Small biz tech-startup: ION Engineering LLC
INITIAL LIGHT BULB:
As postgraduate students in chemical engineering at the University of Colorado at Boulder, Jason Bara and Dean Camper researched ionic liquids — essentially liquid salts made up of predominately charged particles. The pair found that ionic liquids worked quite well filtering carbon dioxide and other contaminants from gases.
Bara and Camper collaborated on ION’s core technology before spinning the company off via CU’s Technology Transfer Office with the help of colleague Christopher Gabriel and serial entrepreneur Alfred “Buz” Brown as chief executive officer.
Dean Camper, Jason Bara & Alfred "Buz" Brown
“What initially struck me was the technology — that, and the markets,” says Brown, a recent transplant from Houston. “They’re both dazzling. But also the team: These guys are incredibly bright and very hard workers. They’re young, but they’re rock stars.”
ION now employs seven people in Boulder, with plenty of startup experience on their collective résumés. “I’ve done this many, many times,” Brown says. “I’ve been on dozens of boards and involved in 50 startups.”
IN A NUTSHELL:
ION’s technology offers less expensive, more efficient methods for capturing carbon dioxide and processing natural gas, Brown says.
The former applies to coal-fired power plants and other industrial polluters, especially in light of a federal push toward so-called “clean coal” technology. “There is no process that’s economical enough to be cost-effective around the world,” notes Brown, citing a current cost of carbon capture at $50 to $70 per ton, not including sequestration. ION’s preliminary research indicates that its technology could drop that to $20 a ton.
As one coal-fired 500-megawatt plant produces 3 million tons of carbon dioxide in a given year, “This is not an inexpensive endeavor,” Brown says.
As for the latter market, Brown says 40 percent of the world’s natural gas preserves are contaminated with carbon dioxide and hydrogen sulfide, describing the current water-based process as “extremely inefficient,” not to mention pricey. “Our guys replaced water with an ionic liquid. It has unbelievable solvent properties and it doesn’t evaporate.” Brown says the method is 25 percent to 35 percent less costly than the status quo and requires only minor retrofits at existing natural gas sweetening plants.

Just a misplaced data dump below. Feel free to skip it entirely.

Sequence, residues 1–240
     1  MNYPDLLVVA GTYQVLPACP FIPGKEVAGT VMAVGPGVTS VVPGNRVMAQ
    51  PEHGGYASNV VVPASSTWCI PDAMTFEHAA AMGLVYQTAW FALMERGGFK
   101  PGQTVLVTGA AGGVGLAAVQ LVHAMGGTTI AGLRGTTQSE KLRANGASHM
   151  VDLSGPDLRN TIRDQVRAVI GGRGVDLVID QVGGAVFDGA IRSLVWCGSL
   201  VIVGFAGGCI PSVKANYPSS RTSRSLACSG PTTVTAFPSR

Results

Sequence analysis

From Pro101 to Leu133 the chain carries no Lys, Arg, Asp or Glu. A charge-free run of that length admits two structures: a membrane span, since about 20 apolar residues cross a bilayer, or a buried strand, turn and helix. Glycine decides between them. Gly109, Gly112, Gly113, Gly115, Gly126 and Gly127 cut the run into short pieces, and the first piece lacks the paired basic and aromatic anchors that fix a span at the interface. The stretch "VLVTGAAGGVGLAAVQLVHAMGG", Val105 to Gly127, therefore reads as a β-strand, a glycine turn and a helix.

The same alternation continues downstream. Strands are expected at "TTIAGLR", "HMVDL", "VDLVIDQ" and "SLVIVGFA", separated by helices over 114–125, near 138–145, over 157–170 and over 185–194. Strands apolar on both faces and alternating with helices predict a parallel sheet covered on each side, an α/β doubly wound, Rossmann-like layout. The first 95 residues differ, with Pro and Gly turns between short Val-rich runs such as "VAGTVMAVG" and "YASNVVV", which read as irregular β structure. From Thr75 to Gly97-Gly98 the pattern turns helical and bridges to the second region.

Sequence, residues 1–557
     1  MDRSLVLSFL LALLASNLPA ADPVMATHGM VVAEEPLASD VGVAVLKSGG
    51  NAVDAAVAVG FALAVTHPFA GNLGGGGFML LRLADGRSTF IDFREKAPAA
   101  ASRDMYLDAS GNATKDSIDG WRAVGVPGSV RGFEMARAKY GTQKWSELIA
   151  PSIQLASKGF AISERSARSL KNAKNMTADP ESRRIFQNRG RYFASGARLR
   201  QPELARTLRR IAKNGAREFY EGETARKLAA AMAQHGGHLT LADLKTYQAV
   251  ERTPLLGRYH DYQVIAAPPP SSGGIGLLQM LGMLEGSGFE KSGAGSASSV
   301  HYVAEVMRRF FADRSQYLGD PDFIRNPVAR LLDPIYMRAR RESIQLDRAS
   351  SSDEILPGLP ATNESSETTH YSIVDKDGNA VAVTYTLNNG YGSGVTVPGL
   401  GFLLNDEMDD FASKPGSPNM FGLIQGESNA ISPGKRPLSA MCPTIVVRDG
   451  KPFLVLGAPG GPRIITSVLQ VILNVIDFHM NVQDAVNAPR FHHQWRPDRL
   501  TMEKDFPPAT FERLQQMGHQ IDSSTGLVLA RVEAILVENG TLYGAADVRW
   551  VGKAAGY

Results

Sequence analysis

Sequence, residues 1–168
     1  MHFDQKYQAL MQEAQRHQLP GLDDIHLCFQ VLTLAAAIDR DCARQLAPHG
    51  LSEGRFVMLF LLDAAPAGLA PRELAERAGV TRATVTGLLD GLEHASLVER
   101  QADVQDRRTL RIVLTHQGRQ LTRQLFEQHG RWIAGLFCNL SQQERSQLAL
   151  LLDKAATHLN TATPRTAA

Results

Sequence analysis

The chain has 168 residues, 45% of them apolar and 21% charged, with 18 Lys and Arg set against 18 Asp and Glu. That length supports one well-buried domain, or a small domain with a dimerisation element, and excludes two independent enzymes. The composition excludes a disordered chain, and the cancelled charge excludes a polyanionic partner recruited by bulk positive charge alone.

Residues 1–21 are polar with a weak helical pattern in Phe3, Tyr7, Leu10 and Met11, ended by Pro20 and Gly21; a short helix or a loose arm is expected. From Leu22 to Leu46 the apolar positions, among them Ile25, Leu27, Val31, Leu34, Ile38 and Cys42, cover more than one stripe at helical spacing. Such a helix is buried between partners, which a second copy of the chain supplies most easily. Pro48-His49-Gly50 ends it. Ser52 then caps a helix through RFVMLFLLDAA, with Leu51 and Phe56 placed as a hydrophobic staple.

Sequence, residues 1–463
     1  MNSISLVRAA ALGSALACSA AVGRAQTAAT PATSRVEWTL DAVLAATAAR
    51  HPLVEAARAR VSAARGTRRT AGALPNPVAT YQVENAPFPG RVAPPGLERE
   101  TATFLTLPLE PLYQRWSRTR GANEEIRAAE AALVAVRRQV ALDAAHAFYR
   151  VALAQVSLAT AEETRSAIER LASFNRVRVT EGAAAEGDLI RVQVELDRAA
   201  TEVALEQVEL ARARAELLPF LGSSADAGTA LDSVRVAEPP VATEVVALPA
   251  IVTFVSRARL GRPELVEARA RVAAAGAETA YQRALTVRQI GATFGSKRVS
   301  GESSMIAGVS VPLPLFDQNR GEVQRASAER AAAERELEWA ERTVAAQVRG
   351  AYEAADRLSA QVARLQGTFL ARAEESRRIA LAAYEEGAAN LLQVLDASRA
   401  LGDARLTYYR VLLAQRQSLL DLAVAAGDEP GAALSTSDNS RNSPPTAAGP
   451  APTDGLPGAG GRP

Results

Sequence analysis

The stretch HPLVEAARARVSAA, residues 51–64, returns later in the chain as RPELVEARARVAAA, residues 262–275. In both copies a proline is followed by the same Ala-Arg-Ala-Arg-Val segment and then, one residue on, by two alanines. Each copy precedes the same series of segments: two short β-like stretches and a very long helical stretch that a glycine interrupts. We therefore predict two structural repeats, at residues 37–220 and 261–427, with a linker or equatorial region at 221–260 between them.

Dave Allen, associate vice president at the CU Technology Transfer Office, is bullish on the company’s chances. “We at Tech Transfer think that ION Engineering has high potential,” Allen says, “because it brings together a number of important forces: market pull, top-level science, a quality management team and a financial environment that is receptive.”
Natural gas processing is a mature, global market. “It’s in the $20 billion-plus range worldwide,” Brown says. If implemented on a global scale, carbon capture represents an even bigger market: U.S. plants emit nearly 3 billion tons of carbon dioxide from the burning of coal in a given year, about one-sixth of the world’s total.
ION’s launch was self-financed by the founders, and it landed a $100,000 investment from the CU Technology Transfer Office. Brown hopes to tap into $2.3 billion of federal funding from the stimulus package “that’s directly applicable to what we do” in the coming months. “We think we’re in the right place at the right time.”
“It’s doing something you can go home at night and feel good about. You can make a difference in the world with this kind of business.”
— ION Engineering CEO Alfred “Buz” Brown